Someone old and famous said when you are met with resistance, you should be bold in conquering it. Being bold is what I set out to do from the moment I created “300 Pounds and Running.” Within the first year of encountering that doctor, I lost nearly 100 pounds (45kg) and ran more than 15 races, including a marathon in my hometown of Detroit, MI. I was on a roll until I was in two separate car accidents in the same year. I was sidelined for a couple of years and, to add insult to injury, I gained back every pound I lost plus some. Most people in my situation would have given up on running entirely. But I’m defiant, and I made the most with what I had.

When I was finally cleared to run again, it was tough to gain momentum. Mentally, I didn’t know if I could do it again. Outside forces were pressuring me to get started with my weight-loss journey. This bothered me so much. Yes, in the past I wanted to lose weight, but this time I had been away from something that I loved — running — for so long that I wanted to focus on running not weight loss. I received push-back from friends, family and followers who knew me before I was injured and pressured me to focus on weight loss because I had gained back everything that I had lost. This brought me to the realization that larger bodies are forced into a box. When fat bodies are active, people assume that they are being active only to lose weight. When people discover that those fat bodies are not trying to lose weight but are simply trying to be active, they shame those fat bodies for not fitting societal norms.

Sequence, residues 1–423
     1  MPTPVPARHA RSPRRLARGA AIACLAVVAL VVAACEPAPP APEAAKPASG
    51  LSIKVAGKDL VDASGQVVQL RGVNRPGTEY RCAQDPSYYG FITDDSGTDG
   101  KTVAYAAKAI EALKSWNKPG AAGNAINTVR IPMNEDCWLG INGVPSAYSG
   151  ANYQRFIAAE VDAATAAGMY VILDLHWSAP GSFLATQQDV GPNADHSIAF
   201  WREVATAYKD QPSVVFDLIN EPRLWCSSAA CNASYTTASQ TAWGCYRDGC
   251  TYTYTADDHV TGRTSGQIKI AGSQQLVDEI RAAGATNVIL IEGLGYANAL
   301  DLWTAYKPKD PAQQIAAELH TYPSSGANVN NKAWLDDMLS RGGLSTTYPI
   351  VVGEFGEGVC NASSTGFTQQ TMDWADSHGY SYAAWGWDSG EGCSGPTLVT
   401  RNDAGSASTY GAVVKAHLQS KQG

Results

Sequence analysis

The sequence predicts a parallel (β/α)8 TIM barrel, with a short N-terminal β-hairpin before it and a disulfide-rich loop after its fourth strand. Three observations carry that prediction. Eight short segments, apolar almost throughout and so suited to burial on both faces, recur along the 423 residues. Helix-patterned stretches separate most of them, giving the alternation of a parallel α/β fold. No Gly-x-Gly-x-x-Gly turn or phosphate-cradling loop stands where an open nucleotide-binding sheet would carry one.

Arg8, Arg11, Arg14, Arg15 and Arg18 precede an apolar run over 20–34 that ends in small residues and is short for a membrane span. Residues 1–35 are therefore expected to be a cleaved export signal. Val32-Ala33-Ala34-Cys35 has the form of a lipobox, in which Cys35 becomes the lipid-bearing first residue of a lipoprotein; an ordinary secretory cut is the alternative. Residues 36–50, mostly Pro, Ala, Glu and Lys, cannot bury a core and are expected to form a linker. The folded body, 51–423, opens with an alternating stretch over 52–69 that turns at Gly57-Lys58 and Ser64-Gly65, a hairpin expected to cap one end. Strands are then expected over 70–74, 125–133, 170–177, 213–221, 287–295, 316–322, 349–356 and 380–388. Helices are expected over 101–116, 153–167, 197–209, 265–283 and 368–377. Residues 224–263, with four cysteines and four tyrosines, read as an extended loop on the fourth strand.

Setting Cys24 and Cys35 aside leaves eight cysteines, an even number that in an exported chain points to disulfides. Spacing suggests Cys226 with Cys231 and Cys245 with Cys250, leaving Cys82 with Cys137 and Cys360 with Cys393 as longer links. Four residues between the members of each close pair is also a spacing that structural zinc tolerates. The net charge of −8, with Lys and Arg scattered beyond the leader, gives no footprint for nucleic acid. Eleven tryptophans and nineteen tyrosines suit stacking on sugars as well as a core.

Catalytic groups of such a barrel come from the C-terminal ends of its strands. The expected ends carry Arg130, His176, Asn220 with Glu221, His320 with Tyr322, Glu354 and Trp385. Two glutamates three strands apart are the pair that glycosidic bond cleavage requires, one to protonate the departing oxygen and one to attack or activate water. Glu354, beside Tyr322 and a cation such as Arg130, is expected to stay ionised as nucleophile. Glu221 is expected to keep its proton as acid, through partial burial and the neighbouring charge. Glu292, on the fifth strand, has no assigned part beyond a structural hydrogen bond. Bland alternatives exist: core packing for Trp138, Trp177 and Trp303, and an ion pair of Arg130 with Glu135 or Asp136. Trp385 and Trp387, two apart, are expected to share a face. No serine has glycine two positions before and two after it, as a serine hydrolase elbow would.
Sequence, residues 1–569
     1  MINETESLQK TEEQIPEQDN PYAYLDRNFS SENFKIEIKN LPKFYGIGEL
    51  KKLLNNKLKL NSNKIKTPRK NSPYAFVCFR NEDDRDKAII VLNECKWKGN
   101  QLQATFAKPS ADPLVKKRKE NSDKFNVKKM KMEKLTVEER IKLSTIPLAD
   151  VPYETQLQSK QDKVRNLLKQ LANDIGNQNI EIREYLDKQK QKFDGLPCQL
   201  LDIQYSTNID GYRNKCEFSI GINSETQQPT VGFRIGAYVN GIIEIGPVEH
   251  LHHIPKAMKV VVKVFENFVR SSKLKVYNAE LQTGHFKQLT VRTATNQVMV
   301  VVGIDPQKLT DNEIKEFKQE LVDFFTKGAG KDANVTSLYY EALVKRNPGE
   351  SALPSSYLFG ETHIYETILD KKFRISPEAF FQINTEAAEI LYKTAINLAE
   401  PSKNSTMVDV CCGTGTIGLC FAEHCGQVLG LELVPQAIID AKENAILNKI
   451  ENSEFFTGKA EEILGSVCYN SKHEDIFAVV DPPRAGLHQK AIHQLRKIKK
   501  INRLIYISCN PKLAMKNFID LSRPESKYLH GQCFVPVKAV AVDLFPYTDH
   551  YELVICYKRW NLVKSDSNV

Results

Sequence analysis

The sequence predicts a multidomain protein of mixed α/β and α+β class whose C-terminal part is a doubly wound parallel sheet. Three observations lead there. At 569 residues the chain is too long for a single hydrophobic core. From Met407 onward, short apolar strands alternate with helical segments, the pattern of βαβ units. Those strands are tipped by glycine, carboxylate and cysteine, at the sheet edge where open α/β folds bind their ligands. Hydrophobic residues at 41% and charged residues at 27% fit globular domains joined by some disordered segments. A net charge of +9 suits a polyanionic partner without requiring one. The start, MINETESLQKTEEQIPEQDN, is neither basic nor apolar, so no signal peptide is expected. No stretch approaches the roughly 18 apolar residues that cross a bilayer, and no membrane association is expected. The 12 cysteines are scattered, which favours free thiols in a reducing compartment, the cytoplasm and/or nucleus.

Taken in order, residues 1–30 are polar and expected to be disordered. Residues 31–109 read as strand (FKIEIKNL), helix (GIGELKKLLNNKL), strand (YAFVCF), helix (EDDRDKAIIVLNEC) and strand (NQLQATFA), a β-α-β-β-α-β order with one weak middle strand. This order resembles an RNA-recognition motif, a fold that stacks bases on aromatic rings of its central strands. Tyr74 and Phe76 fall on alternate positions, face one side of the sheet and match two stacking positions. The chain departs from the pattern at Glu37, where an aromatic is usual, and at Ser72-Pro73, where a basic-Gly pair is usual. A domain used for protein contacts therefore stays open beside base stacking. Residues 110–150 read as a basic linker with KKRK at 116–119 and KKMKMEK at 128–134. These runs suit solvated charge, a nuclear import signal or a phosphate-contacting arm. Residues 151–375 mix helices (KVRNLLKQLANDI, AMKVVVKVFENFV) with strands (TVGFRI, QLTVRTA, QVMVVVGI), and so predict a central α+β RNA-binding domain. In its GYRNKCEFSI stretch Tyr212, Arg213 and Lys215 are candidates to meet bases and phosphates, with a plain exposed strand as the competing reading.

As a plus-sized male athlete, I realized the lack of diversity in fitness. The media glorifies the ideal “dad bod,” and men who only go to the gym to: a) lose weight and be buff or b) enhance the muscular male physique. However, I was not any of those things. I had man boobs, and I wasn’t trying to lose weight or be big and buff. I just wanted to run. Since the media wasn’t going to celebrate me, I had to celebrate myself.